Dotted Quarter Notes-Kiosk Activity
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Dotted Quarter Notes-Kiosk Activity

        

Dotted Quarter Notes-Kiosk Activity

Logo for Dotted Quarter Notes-Kiosk Activity
This is a kiosk activity aimed at 5th-6th grade students to begin to understand how the dotted quarter note functions in music.
Material Type: Animation
Technical Format: PowerPoint
Date Added to MERLOT: November 29, 2012
Date Modified in MERLOT: December 12, 2012
Submitter: Brad Laibly
Keywords: Dotted Quarter Notes, Music

Quality

  • Reviewed by members of Editorial board for inclusion in MERLOT.
    Editor Review (not reviewed)
  • User review 4.25 average rating
  • User Rating: 4.25 user rating
  • Discussion (5 Comments)
  • Learning Exercises (none)
  • Bookmark Collections (none)
  • Course ePortfolios (none)
  • Accessibility Info (none)

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About

Primary Audience: Grade School
Mobile Compatibility: Not specified at this time
Technical Requirements: Must be able to run powerpoint show.  Download file and run.
Language: English
Material Version: 1.0
Cost Involved: no
Source Code Available: no
Accessiblity Information Available: no
Creative Commons: unsure
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Discussion

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Avatar for Julie Halsey
2 years ago

Julie Halsey (Consultant)

I believe this StAIR does a great job of bridging the auditory element to the visual recognition of the note itself. All links work and I think that is appropriate for the target audience. 

One area that might be helpful is to add a different visual representation of how many beats the note gets, it could a be a fun area to add a fractional picture of sorts not related to music that student could use as another reference point to draw from outside of music.

 

 

Time spent reviewing site: 15

Avatar for Jennifer Gross-Russell
2 years ago

Jennifer Gross-Russell (Teacher (K-12))

I really learned a lot from your PowerPoint. The graphics and the effects were appropriate for the intended audience and simply people who are new to reading music. I think you also tapped into a few difference learning styles by offering students the ability to hear what a dotted quarter note.  I enjoyed it! 

Technical Remarks:

I thought the font was a good size--especially for younger students.

Time spent reviewing site: 15 minutes

Avatar for Kelly Hanson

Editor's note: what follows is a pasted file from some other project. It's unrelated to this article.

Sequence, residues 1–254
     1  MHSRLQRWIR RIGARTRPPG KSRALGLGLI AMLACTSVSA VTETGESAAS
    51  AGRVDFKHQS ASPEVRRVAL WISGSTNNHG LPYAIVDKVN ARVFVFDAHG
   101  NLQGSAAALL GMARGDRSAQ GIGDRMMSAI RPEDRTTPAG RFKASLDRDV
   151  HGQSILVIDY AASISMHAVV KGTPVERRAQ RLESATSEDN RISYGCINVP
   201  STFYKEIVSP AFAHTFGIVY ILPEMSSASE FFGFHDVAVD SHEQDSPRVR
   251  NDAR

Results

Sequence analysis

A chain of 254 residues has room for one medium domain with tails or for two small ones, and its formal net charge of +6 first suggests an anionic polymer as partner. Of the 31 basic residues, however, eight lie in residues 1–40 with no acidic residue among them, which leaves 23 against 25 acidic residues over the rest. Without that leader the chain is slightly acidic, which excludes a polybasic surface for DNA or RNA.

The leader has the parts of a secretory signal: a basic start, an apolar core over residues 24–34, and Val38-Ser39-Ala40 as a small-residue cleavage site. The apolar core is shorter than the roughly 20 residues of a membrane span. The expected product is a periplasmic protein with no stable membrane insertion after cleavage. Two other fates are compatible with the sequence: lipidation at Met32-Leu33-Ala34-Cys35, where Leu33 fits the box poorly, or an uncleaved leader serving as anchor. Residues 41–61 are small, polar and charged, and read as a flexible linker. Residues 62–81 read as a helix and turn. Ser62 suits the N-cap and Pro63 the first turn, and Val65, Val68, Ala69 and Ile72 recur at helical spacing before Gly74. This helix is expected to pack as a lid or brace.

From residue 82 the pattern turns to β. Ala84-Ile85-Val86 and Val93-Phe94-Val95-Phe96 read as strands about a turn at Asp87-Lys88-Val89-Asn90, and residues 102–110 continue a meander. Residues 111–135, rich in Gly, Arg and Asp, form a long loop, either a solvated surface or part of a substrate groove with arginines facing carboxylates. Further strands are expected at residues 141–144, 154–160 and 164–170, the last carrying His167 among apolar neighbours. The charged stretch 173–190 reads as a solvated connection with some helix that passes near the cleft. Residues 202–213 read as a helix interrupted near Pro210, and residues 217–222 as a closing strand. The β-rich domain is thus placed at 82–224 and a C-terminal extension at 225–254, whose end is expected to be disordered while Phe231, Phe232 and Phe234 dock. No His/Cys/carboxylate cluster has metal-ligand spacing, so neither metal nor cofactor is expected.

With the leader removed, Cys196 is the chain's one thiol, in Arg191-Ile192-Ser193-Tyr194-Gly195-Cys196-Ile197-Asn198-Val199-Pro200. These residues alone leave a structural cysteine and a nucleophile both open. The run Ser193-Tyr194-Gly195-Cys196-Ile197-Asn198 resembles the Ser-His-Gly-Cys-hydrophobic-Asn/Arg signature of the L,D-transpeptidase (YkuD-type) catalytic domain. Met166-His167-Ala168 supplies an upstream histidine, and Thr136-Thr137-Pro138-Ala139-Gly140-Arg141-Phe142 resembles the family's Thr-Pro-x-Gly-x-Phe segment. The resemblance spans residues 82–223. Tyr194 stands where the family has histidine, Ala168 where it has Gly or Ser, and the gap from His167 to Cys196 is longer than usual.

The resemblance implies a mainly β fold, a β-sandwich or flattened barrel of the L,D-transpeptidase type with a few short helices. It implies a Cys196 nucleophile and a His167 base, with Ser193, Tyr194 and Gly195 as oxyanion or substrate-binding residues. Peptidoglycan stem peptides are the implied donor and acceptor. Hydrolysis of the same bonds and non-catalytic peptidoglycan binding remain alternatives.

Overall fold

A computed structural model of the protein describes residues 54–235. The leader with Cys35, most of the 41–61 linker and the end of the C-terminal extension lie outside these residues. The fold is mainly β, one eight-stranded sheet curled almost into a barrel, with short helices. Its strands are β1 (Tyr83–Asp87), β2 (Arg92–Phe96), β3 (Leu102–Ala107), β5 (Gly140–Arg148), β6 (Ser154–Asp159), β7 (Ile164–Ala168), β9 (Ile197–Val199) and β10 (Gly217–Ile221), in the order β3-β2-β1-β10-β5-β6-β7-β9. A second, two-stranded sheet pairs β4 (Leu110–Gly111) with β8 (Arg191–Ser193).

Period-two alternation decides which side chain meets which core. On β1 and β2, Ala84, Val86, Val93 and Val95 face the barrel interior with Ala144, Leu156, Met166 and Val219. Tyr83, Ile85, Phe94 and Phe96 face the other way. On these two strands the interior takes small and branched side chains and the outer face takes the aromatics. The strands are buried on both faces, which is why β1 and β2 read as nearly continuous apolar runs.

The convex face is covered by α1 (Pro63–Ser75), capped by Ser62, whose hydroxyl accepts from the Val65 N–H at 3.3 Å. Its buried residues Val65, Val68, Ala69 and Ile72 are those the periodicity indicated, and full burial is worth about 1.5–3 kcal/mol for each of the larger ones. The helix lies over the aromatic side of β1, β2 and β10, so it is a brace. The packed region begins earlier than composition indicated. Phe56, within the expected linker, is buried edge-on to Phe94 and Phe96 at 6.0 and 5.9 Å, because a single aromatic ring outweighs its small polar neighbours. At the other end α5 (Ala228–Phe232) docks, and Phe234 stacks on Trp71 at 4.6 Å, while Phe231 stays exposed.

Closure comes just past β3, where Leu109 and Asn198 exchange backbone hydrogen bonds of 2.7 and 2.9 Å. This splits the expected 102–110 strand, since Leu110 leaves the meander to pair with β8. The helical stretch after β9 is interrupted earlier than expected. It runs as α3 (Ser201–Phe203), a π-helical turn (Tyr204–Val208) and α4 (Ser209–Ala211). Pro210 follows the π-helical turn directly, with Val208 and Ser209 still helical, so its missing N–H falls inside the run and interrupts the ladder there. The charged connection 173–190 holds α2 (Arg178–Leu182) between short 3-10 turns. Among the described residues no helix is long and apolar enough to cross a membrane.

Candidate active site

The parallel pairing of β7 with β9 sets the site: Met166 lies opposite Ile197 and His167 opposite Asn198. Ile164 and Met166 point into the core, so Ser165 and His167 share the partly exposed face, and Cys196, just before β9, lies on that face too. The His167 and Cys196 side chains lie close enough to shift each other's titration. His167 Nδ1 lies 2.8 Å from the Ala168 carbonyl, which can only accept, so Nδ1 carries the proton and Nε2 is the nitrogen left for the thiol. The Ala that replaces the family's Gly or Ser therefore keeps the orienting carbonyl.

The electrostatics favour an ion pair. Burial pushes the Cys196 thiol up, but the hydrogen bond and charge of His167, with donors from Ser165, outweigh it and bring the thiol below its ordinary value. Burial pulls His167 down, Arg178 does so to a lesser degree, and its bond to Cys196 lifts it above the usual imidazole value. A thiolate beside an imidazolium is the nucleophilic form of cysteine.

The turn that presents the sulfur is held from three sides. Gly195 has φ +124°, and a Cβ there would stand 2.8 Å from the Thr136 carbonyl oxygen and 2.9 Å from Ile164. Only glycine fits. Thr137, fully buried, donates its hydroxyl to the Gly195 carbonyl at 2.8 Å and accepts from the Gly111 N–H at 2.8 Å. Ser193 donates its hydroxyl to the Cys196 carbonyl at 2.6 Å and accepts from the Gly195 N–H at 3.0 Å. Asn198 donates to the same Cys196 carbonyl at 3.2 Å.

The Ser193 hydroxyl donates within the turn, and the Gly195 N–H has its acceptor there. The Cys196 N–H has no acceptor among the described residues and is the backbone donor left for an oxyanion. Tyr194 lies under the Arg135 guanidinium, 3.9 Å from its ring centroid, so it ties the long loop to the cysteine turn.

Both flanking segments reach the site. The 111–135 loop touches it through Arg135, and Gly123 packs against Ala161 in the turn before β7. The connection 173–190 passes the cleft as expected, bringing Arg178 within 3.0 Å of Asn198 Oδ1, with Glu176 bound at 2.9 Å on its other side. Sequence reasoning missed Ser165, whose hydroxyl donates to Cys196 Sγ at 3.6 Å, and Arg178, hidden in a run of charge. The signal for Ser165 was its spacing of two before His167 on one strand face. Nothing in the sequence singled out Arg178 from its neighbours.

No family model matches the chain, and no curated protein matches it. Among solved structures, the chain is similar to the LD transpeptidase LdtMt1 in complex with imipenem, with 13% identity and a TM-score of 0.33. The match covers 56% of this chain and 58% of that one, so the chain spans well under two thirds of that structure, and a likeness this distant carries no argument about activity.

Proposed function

2 years ago

Kelly Hanson (Teacher (K-12))

I really enjoyed this kiosk activity!  I think students will enjoy the variety of music included.  I like that you ask students to listen to the two examples two times each and have them look for something more sophisticated on the second listen.  (The excerpt of orchestra music was beautiful.)  

 

Technical Remarks:

The links on the "One more question" slide didn't work for me.  I also couldn't get the "corresponding arrows" on the review page to work either.  

Time spent reviewing site: 20 minutes

Avatar for Leslie Lieman
2 years ago

Leslie Lieman (Educational Technology Coordinator)

Hi Brian –

Your “Dotted Quarter Notes” stand-alone resource seems like a good way to have your music students really understand how to read and play a dotted quarter note.  I am guessing that this is a note that students generally have difficult with.

I really liked the slides with the actual music embedded in the page.  I wonder if it would have been helpful in slides 6 and 7 to have a few bars of the actual music written on the page, so that students would be able to both see what the written music looks like, along with the audio of what it sounds like.  This might be an approach that supports UDL, enabling students with different learning styles to have access to the content.

Out of curiosity, on slide 3 you describe what a dotted quarter note is equivalent to.  Are there times that the notes are written that way on the page?  For example, might a piece of music be written with three eighth notes instead of a dotted quarter note?  If yes, how would we know when listening to music (without seeing the written music) which strategy has been used?  

Tech Comments:
On slide 4, 5 and 8 – the “links” to the hand signals did not work for me.  I did hear the applause and buzzer on slide 4, but I did not hear sound effects (if they were there) on the other slides.  For me, the assessment features were not working.  Also, when students get something wrong in a stand-alone tutorial, you can link them back to a “teaching” slide to make sure they understand the material.  It seems they just learn that they are right or wrong and can continue in the process.

I hope this helps.

Technical Remarks:

Tech Comments:
On slide 4, 5 and 8 – the “links” to the hand signals did not work for me.  I did hear the applause and buzzer on slide 4, but I did not hear sound effects (if they were there) on the other slides.  For me, the assessment features were not working.

Time spent reviewing site: 30 minutes

Avatar for Lacey Daniel
2 years ago

Lacey Daniel (Student)

I am assuming that this material is made for students already learning about music and not for new-commers. At times the information seemed crammed. Those parts could have been broken up for a more clear delivery.

Having the auditory compare and contrast element was a great tool.

I really enjoyed the variety in assesments. Very cool to utilize several of the senses (visual and sound) to assess the learner.

Technical Remarks:

The layout and design of the material was simple and easy to follow. The only comment I have is that students can just skip over assesments ny click the next arrow. 

Time spent reviewing site: 10 minutes
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